One of my frustrations is that I couldn’t find an existing cohesive curriculum with lesson plans that tolerates differing Math and English skill levels targeted at ADULTS.  It seems you either know calculus already, don’t really care about actually making anything, or are a child. The ones that are close live behind copyrights that make them hard to adapt appropriately.  

Also, what I mean by curriculum now is not what I would have meant by curriculum 10 months ago. What has to be developed to create a state-certifiable curriculum amounts to some pretty insane documentation. I feel a bit like I’ve moved into bizarro world as some of the “New!”©™ fads seem painfully obvious, although incredibly well intentioned.

Here is a list of some of the information I’m preparing:

  • Program Mission/Goals: What your program intends to accomplish for the students and for the surrounding community. For state career and technical schools, there must be state job placement data by relevant career code researched and documented.  At PCC they put it as “Outlines the purpose of the program, identifies stakeholders, and aligns to the mission of the college and the Educational Master Plan (EMP).”
  • Program Level Outcomes: Should finish the sentence “At the end of this program students will be able to ______ [in order to ______]”
  • Program Level Objectives: The more measurable results, how will the school be able to tell that the outcomes being met? A well written Performance Objective contains the student performance, the conditions of that performance, and the criterion for judging success.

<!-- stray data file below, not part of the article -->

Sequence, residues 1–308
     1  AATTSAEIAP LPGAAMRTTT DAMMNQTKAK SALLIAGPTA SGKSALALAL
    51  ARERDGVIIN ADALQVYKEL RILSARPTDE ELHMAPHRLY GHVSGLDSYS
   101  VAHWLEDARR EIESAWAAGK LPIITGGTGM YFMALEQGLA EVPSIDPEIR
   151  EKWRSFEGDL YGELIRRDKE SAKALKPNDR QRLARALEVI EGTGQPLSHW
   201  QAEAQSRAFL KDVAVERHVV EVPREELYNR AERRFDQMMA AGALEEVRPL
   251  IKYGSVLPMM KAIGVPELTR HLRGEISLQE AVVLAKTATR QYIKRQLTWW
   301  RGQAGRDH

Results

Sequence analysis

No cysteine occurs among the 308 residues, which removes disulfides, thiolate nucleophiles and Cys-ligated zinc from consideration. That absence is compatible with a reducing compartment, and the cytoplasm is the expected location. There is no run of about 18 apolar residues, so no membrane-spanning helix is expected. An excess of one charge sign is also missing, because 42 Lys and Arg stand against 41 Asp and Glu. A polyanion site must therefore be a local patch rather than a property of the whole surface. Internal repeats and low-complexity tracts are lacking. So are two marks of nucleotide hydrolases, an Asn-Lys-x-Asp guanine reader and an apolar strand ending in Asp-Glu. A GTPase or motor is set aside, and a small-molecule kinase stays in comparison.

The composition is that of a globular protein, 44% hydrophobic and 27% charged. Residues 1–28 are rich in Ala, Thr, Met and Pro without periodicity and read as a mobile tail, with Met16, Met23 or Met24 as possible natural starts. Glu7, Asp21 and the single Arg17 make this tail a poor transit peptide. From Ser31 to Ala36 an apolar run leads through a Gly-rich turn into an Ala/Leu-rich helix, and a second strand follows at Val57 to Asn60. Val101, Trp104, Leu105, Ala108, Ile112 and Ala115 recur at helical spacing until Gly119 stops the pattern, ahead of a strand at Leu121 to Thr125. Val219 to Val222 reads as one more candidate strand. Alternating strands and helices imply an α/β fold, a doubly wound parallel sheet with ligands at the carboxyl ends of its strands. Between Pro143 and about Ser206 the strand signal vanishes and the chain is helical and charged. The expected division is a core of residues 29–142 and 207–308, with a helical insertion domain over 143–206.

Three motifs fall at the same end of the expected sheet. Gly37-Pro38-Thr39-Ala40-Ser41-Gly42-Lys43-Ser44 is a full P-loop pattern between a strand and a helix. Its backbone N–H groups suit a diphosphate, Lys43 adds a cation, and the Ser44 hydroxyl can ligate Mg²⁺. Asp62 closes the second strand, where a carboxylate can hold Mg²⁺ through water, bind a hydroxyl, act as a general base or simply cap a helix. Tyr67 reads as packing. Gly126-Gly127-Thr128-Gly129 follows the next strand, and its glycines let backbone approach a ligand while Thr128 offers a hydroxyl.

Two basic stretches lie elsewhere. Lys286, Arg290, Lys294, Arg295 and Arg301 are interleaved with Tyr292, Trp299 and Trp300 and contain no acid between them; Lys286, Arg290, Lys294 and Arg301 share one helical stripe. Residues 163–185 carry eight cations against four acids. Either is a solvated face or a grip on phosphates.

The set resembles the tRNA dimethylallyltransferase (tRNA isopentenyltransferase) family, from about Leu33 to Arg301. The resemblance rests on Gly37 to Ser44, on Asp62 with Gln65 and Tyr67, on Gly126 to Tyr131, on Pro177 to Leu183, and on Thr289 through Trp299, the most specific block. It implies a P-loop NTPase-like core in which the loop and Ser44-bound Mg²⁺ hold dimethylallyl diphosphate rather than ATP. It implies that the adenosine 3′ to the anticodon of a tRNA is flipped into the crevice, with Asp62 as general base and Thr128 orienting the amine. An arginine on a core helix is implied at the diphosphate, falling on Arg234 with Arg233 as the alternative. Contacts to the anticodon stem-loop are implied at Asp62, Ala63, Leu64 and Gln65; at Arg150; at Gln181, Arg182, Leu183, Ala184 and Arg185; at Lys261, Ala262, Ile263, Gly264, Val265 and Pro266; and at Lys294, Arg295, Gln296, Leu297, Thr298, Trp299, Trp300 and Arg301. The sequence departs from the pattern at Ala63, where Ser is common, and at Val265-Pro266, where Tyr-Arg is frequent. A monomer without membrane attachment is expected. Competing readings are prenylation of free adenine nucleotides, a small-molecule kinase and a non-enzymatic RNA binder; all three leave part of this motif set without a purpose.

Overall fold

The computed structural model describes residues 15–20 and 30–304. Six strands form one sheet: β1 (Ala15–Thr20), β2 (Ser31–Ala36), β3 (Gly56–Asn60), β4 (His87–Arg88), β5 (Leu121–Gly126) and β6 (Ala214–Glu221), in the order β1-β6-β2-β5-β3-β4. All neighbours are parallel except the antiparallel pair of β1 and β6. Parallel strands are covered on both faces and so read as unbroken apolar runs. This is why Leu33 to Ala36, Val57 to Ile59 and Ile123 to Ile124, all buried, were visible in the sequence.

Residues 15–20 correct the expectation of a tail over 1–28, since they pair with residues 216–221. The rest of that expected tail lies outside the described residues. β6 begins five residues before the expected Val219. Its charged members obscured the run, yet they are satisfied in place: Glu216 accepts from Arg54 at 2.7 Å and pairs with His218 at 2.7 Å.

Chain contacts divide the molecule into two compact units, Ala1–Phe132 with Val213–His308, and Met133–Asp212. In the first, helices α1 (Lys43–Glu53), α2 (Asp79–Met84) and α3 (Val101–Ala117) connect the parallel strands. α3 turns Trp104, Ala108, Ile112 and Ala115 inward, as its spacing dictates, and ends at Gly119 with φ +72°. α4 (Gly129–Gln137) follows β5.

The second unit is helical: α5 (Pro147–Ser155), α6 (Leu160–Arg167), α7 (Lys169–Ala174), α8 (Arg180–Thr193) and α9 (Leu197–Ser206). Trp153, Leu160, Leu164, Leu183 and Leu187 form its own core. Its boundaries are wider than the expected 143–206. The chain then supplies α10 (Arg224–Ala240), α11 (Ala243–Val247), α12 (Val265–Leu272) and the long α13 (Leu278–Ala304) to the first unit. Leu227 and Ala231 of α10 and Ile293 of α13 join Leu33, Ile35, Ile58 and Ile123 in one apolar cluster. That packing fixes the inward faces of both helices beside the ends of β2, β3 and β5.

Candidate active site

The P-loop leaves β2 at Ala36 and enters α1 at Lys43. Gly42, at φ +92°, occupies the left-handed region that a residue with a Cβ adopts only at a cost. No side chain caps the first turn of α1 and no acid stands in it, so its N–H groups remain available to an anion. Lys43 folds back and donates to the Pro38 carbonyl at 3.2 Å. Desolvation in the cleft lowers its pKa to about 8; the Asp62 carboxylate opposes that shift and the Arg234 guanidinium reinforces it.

• Program Level Objectives, Map Layout: presented as Curriculum Map where the courses and objectives are placed in a table and it is indicated where each outcome is introduced, practiced and assessed or similar criteria.
  • Alignments: the curriculum needs to show that it can be aligned with standards, National, State, College and National Trade Association standards.
  • Industry Advisory Committees: The future employers of the students get to have a say in what they are learning.
  • Course Student Learning Outcomes:  Should finish the sentence “At the end of this course students will be able to ______ [in order to ______]” They need to be students centered (NEW!) and use words from the right part of the blooms taxonomy list. And ideally cover all three domains of learning: cognitive, affective, psychomotor.
  • Course Student Performance Objectives:  How the instructor intends to tell if the student can indeed deliver on each Learning Outcome. A well written Performance Objective contains the student performance, the conditions of that performance, and the criterion for judging success.
  • Lesson Plans: What are you going to do in the class today?  Learning Outcomes, Performance Objectives, etc.